Indonesia is one of the countries with the largest number of artisanal gold miners in the world. An artisanal miner, also known as a small-scale miner, is an individual or group of individuals who operate informally with little mechanical assistance to produce gold or other commodities. In the West Nusa Tenggara province in Indonesia it is estimated that 22,000 people participate in artisanal small-scale gold mining and produce upwards of 400kg of gold per annum and contributes about $22 million US to the economic activity of Indonesia. The scope of artsinal mining in the WNT province and the impact it has on people and environment are the driving forces for an annual Artisinal Small-scale Gold Mining (ASGM) workshops.
This year the workshop was called “Planning for the sustainable future of ASGM in the West Nusa Tenggara Province.” It began with an introduction from the university President, Prof. Sunarpi, and a presentation from Dr. Dewi Krisnayanti who put the scale of ASGM in perspective and also touched on the detrimental health impacts that can be experienced with some of the processes the artisanal miners use. Using mercury to recover gold often results in mercury losses in the tailings, this mercury ends up in drinking water, rice, and fish and eventually into the miners themselves. There are 85,000 tonnes of tailings discharged on Lombok alone. This can lead to skin lesions, cancer, kidney disease, and overall poor health.
Dr. Marcello Veiga from UBC then gave a presentation on International trends in ASGM and how he has learned to teach and improve the ASGM practices. He touched on simple processes that can be used to recover gold using homemade devices and easily accessible reagents. Dr. Veiga also elaborated on the artisinal mining teaching facility he has worked on in Ecuador and the excellent impacts it has had on the artsinal miners from all parts of the world that choose to come and visit and learn at the center.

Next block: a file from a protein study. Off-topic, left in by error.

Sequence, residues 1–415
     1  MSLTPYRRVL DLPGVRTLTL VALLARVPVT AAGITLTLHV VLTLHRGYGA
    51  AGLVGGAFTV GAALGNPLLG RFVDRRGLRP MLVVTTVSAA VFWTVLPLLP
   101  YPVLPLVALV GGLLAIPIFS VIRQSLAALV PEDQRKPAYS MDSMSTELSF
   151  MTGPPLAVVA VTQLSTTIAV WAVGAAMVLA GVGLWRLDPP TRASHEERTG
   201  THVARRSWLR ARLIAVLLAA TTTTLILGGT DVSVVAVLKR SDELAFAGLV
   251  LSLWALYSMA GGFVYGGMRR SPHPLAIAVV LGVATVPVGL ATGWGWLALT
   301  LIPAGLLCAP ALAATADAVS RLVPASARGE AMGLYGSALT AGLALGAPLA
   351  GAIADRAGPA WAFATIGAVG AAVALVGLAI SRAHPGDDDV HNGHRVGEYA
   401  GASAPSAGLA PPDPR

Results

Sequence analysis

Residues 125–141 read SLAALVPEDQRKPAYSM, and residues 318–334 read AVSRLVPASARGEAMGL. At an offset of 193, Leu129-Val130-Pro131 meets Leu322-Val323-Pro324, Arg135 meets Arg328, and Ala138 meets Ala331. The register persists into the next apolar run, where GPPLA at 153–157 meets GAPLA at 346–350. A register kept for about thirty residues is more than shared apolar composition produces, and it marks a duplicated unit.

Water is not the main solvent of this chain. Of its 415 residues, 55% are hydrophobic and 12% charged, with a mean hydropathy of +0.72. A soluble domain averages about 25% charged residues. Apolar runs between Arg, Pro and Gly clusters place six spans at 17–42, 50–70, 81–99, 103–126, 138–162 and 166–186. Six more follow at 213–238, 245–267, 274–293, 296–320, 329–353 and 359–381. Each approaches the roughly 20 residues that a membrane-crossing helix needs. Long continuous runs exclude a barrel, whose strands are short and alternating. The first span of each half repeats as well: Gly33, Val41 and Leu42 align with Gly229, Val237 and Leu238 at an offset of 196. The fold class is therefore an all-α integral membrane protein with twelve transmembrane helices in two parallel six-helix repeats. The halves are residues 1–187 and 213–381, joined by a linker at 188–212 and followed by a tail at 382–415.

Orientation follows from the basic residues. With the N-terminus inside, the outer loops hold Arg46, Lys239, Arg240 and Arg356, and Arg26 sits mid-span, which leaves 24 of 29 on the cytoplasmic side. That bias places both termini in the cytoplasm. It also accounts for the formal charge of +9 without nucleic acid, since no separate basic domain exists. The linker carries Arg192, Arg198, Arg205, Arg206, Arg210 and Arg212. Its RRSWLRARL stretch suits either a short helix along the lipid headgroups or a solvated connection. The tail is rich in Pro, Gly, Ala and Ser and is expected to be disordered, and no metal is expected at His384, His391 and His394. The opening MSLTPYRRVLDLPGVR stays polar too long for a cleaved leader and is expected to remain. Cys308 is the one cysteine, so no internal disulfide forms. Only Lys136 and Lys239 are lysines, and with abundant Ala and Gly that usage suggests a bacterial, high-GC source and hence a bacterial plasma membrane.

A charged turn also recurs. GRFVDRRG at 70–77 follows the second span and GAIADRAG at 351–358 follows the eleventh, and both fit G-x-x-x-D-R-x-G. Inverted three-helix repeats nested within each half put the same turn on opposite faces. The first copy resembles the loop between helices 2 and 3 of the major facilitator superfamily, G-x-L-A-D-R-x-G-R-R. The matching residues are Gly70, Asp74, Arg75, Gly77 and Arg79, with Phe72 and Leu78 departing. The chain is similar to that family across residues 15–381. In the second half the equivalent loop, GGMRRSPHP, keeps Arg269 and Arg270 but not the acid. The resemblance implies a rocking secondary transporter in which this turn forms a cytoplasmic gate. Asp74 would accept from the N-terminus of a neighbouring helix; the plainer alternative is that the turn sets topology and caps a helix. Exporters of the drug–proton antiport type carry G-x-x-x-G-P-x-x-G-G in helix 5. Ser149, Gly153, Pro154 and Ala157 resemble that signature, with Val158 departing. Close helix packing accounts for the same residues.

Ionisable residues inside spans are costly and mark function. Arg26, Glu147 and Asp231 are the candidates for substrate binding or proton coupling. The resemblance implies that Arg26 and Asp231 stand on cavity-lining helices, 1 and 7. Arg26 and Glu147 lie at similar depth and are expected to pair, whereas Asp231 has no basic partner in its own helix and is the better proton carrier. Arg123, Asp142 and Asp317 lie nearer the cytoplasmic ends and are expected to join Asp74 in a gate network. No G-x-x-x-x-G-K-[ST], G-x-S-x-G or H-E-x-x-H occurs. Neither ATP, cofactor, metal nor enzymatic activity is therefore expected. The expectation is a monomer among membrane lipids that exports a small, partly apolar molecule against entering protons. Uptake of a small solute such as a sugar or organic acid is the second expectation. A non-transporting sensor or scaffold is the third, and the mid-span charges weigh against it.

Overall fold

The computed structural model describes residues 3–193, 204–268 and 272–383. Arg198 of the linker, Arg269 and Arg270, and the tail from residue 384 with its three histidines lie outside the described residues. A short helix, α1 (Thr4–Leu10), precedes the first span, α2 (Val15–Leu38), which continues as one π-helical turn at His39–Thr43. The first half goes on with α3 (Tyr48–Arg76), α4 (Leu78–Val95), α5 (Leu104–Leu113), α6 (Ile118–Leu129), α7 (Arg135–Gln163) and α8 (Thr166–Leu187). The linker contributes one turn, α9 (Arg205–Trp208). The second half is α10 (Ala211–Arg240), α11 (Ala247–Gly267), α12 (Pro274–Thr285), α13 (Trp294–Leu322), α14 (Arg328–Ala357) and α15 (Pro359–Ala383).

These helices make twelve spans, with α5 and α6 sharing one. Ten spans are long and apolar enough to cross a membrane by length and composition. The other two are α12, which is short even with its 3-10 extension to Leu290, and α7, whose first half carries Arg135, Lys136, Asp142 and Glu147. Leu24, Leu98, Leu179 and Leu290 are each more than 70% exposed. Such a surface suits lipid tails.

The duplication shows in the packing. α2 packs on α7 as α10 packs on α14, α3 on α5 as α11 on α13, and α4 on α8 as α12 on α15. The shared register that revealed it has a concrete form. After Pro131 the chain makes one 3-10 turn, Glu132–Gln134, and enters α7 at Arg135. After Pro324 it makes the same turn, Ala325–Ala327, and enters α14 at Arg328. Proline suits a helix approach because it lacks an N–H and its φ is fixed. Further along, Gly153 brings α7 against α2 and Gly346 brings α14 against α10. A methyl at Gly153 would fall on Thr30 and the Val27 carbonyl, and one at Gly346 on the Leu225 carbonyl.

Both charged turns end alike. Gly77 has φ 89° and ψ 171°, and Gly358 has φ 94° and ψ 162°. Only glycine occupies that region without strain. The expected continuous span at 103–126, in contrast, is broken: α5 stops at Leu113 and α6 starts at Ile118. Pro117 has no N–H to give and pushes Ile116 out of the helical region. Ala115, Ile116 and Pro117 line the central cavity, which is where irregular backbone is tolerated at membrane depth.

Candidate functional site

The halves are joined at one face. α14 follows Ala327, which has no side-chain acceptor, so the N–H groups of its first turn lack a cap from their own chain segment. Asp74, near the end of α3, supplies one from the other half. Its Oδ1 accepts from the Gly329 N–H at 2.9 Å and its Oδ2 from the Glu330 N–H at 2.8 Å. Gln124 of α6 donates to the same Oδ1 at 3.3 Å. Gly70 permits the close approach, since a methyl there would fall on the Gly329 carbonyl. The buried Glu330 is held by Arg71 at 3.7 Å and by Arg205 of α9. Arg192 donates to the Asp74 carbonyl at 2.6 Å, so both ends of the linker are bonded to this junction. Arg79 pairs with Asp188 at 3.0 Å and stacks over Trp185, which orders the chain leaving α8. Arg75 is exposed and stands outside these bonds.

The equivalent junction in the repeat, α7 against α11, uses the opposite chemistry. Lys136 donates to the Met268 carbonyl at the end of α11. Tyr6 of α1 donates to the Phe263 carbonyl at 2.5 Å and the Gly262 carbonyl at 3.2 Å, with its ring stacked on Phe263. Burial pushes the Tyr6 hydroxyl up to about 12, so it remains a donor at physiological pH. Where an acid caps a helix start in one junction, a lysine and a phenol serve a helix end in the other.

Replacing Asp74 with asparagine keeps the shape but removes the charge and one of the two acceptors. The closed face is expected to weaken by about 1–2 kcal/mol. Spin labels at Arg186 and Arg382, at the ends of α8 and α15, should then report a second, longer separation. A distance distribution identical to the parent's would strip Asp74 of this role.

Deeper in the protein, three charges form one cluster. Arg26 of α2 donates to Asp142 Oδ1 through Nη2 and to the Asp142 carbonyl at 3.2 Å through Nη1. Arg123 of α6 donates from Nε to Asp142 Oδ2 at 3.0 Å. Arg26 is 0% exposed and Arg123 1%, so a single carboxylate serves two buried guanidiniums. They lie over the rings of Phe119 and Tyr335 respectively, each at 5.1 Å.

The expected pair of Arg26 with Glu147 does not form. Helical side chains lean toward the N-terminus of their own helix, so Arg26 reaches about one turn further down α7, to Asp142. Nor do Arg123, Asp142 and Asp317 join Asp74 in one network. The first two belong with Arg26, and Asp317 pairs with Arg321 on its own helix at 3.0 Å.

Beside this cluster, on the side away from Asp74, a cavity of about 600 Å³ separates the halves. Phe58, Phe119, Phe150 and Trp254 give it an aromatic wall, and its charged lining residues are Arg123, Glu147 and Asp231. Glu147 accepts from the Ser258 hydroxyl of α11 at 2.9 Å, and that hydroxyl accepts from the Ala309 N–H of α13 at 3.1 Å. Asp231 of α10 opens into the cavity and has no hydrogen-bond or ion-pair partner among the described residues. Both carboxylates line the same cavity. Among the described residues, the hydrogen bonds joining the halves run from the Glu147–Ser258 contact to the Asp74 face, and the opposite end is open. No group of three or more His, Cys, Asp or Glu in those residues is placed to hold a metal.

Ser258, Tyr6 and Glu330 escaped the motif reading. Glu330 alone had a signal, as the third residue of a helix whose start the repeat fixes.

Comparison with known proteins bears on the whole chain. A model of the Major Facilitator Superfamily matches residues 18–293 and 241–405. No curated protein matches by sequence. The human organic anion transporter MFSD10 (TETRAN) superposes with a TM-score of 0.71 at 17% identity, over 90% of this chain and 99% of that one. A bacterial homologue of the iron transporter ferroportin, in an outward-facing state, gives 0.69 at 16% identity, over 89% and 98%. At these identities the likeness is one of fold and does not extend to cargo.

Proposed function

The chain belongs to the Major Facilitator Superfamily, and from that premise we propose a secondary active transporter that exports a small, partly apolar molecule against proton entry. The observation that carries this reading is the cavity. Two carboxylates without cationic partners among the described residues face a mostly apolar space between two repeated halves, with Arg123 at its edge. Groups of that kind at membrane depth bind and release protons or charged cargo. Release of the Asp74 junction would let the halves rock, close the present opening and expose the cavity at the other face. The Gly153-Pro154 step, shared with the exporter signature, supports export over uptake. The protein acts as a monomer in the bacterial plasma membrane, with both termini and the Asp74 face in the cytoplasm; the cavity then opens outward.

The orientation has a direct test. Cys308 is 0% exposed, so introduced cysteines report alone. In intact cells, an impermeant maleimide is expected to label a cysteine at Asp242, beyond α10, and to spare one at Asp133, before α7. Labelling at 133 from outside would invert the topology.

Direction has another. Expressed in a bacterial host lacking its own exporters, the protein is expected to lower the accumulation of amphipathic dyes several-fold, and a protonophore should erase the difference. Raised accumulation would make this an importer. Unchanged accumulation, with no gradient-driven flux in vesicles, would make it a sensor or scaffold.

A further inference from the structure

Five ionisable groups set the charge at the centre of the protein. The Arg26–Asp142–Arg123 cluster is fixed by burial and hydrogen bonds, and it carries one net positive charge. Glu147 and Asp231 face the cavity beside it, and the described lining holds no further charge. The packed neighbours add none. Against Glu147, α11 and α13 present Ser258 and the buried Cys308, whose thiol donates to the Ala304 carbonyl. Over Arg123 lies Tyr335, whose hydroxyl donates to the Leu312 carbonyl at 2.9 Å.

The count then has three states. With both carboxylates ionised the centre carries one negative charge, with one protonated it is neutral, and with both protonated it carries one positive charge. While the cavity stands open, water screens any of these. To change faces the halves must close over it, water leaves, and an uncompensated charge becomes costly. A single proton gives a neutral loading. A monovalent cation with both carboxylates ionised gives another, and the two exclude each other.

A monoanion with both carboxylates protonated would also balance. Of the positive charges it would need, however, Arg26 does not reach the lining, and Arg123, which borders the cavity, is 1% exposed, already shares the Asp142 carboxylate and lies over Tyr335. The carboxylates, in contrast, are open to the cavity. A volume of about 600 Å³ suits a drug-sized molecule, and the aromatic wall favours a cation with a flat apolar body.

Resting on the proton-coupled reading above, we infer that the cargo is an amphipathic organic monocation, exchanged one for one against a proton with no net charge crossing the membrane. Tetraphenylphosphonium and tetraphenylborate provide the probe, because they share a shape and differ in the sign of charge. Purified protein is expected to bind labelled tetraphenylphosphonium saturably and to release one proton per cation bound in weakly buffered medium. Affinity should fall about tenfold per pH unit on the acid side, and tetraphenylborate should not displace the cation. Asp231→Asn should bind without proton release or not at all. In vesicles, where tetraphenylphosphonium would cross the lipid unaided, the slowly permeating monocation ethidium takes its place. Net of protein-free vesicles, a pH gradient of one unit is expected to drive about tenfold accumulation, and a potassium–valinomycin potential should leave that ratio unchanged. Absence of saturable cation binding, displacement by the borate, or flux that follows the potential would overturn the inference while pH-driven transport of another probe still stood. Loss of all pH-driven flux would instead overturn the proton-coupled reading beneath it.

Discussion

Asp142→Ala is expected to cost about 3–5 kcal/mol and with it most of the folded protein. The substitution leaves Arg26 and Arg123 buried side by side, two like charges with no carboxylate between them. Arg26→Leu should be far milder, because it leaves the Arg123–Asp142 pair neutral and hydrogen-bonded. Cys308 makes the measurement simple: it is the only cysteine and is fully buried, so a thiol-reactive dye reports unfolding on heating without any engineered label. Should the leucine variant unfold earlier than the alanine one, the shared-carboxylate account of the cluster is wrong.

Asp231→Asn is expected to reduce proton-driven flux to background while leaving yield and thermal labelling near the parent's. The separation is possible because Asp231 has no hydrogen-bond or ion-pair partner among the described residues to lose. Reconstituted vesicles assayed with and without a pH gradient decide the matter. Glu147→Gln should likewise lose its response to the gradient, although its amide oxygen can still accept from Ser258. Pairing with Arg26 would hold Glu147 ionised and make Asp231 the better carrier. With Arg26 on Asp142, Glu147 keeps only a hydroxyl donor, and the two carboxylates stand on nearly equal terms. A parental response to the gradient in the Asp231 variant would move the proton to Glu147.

Day 2 was spent visiting different artisanal mines and processing facilities. The first mine produced about 120kg of ore per day at approximately 50 g/t gold. The ore was sold to a processing facility that would process the ore. The ore was treated with mercury in the ball mill (1kg or mercury per trommel) and then was treated with cyanide. A rough calculation indicates recoveries of no more than 15% gold. The second site did not include grinding, the miners were expected to bring ground ore to the facility where they would process it. The slurry was mixed with mercury and was put into one of the tanks for cyanidation. The tailings were stored in an area directly beside a channel that led to the ocean. The storate area was known to leak CN-Pb complexes directly into the channel. The last site visited was an old tailings area that was now being used as a farm for growing rice. The rice has the highest level of Pb in the world. This site was a research facility for phytomining, performed by Dr. Christopher Anderson. Phytomining uses the ability of plants to absorb metals into their leaves to remove metals from the tailings and recover them for sale. The research was being done using different kinds of plants on small patches of tailings. The research is still in its infancy.